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Thursday, 2 August, 2001, 02:12 GMT 03:12 UK
Incense link to cancer
Burning incense may pose a risk to health
Burning incense, popular in places of worship and in people's homes, could be a cancer risk.

Researchers in Taiwan found that the smoke produced by burning incense is laden with cancer-causing chemicals.

Levels of one chemical believed to cause lung cancer were 40 times higher in a badly ventilated temple in Taiwan than in houses where people smoke tobacco.

Incense burning also creates more pollution than road traffic at a local intersection.

Ta Chang Lin, of the National Cheng Kung University in Tainan told New Scientist magazine: "We truly hope that incense burning brings only spiritual comfort, without any physical discomfort.

"But there is a potential cancer risk. We just cannot say how serious it is."

Air samples

Dr Lin's team collected air samples from inside and outside a temple in Tainan City and compared them to samples at a traffic intersection.

Incense burning caused more pollution than traffic
Inside the temple, they found very high concentrations of polycyclic aromatic hydrocarbons (PAHs), a large group of highly carcinogenic chemicals that are released when certain substances are burnt.

Total levels of PAHs inside the temple were 19 times higher than outside and slightly higher than at the intersection.

A PAH called benzopyrene, which is thought to cause lung cancer in smokers, was found in very high quantities inside the temple.

Levels were up to 45 times higher than in homes where residents smoked tobacco, and up to 118 times higher than in areas with no indoor source of combustion, such as cooking fires.

Dr Lin said: "The concentrations of PAHs inside the temple depends on how many visitors come to worship that day.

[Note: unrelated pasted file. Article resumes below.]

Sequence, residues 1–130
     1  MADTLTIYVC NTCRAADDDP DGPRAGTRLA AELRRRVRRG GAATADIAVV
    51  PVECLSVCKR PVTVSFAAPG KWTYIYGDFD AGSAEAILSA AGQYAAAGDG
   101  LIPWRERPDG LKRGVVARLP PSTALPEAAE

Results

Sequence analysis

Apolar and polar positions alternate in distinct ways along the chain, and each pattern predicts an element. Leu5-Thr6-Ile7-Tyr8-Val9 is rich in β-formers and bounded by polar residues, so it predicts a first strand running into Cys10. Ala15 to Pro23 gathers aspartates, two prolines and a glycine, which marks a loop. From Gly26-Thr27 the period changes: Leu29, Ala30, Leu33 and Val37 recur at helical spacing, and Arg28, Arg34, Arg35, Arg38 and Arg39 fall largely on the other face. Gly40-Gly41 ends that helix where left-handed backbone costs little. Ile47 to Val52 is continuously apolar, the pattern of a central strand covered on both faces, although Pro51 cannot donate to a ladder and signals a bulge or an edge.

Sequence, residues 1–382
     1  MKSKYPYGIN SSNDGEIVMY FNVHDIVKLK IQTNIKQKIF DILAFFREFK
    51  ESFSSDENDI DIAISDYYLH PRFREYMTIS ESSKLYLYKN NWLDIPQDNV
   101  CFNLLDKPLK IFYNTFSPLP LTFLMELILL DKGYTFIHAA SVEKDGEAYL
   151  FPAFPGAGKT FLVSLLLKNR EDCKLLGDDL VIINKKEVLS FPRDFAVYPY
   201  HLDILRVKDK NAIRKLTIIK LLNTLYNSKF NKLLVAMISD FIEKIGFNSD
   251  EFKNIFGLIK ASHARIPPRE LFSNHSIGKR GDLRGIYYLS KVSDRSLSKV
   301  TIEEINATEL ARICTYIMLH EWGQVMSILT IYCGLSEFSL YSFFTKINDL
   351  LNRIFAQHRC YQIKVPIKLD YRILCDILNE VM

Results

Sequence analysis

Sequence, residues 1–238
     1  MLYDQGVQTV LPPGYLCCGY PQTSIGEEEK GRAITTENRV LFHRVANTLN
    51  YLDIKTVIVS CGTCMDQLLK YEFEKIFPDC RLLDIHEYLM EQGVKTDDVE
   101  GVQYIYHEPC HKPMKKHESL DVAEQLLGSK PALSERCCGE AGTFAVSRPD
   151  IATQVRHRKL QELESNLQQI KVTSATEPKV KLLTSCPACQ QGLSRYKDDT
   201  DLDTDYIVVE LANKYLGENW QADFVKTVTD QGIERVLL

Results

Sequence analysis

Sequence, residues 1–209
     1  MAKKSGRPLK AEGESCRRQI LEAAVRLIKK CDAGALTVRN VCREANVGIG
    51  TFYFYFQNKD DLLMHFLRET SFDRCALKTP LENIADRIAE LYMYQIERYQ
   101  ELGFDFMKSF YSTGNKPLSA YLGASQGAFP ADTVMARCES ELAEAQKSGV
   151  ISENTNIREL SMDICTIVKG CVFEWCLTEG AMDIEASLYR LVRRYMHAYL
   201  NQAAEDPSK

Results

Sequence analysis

"During some major ceremonies, hundreds or even more than a thousand sticks are burnt at the same time.

"Sometimes the visibility is so low you can't see clearly across the room. We are concerned for the health of workers or keepers in the temples."

Dr Lin's team also tested for pollutants known as total suspended particles.

Concentrations of TSPs inside the temple were three times higher than at the traffic intersection and 11 times higher than outside the temple.

Brad Timms, a science information officer for the Cancer Research Campaign, told BBC News Online: "We know from previous research that industrial workers exposed to PAHs have an increased risk of lung and bladder cancer, and PAHs are also a recognised cause of occupational skin and scrotal cancers.

"The risk of cancer from burning incense will depend on the levels of PAHs given off from this source and the length of time of exposure, and clearly more research is needed to determine these factors.

"In the meantime workers in temples could minimise exposure to themselves and their worshippers by improving ventilation."

See also:

11 Jun 01 | Health
Air pollution heart attack link
04 Jan 01 | Health
Pollution 'could cause asthma'
13 Feb 01 | Health
Gas cooking threat to lungs
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